Hospitals that provide faster care to some emergency room patients might negatively affect others. A doctor in Connecticut surveyed the directors of 32 emergency departments around the state on whether they gave faster treatment to V.I.P.s in their emergency rooms. Most responded, and all but one supported the practice. Regular patients who are well enough wait a little longer, which prompted the doctor to call the practice “vaguely unethical but necessary.”

When I describe luxury medicine to people outside of health care, they initially worry that it might lead to inferior medical care for nonelite patients. This is understandable. At most hospitals, doctors care for several patients at once. Although I have never observed a doctor neglect someone for a red blanket patient, we lack data to properly assess.

Surprisingly, many doctors worry that V.I.P.s receive worse care. I’ve heard countless stories of elite patients who underwent unnecessary tests or were treated with medications unlikely to be helpful because the physician felt pressured to appease them.

This can distract from optimal treatment. At least one study suggests that higher patient satisfaction is correlated with worse outcomes. When the University of Pennsylvania’s health system built a V.I.P. unit in 2007, faculty members were concerned that “similar units at other institutions provided excellent amenities but inferior nursing and patient care.”

On the record, doctors say that they treat all of their patients equally. Off the record, they reveal a range of answers. I, too, have been guilty of giving special treatment to red blanket patients.
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Once, one of my patients — the head of a major local business — was ready to be discharged. As I entered his room to share the good news, I was greeted by the smell of flowers. They were in a vase on the bedside table, and I wondered if his wife or patient relations brought them.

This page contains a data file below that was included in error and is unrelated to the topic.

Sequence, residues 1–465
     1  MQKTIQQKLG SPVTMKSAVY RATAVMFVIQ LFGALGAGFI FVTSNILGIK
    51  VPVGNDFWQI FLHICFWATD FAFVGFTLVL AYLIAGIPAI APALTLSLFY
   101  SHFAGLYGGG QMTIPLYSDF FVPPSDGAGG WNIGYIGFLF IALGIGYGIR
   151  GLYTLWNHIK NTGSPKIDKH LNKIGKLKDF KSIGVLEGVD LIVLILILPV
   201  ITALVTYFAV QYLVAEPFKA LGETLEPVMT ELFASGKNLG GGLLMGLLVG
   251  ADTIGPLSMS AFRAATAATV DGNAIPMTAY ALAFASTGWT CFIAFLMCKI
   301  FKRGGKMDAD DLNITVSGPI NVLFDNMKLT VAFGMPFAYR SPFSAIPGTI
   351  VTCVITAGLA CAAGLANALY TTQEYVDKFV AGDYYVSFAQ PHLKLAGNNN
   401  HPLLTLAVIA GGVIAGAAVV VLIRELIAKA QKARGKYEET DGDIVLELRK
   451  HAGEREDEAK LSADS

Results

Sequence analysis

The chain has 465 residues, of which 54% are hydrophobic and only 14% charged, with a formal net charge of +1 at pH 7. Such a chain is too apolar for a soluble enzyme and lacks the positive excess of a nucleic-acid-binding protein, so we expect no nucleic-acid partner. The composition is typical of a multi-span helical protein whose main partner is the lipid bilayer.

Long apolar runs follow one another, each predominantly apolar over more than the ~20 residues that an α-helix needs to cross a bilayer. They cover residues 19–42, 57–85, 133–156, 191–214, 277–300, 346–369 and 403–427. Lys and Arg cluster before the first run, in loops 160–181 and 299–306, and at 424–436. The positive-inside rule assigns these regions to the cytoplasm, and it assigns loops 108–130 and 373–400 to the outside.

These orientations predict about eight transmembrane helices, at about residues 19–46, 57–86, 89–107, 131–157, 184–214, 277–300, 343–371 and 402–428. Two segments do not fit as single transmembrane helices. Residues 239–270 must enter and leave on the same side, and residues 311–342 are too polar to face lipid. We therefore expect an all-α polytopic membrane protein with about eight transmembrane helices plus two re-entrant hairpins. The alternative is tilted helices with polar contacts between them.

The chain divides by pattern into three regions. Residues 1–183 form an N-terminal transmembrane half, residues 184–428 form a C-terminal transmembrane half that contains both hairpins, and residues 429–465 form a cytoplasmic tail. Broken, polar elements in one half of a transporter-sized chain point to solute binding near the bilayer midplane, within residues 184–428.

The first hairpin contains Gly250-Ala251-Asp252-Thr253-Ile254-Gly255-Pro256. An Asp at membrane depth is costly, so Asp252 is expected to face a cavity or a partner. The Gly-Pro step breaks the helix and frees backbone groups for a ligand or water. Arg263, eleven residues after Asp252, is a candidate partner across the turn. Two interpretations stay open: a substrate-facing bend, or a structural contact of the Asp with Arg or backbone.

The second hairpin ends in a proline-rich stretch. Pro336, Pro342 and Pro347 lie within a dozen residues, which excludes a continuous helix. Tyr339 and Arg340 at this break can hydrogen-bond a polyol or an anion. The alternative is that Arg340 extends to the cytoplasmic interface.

When I told him that he would be going home, he frowned, and his wife spoke up.

“Doctor, I’d feel more comfortable if we stayed another night, just to be safe.”

Although there was no medical reason for him to stay, I smiled politely and said, “Yes, that’s absolutely fine.”

Would I have done the same if his blanket had been white?

Though some doctors find the practice to be harmless, and others may describe it as “unethical,” all seem to have deemed luxury health care necessary. Amid budget cuts, reduced reimbursements and rural hospital closures, it’s hard to argue with that sentiment.

But if we don’t challenge the necessity of luxury services, then we have accepted that hospitals — and medicine in general — prosper in part because they cater to the wealthy. This undermines the fundamental ideals of medical training.

The real harm of red blankets is in an unanswered question: When I allow one of my patients to be labeled “important,” do I implicitly label the others as less important?

Shoa L. Clarke is a resident physician at Brigham and Women’s and Boston Children’s hospitals.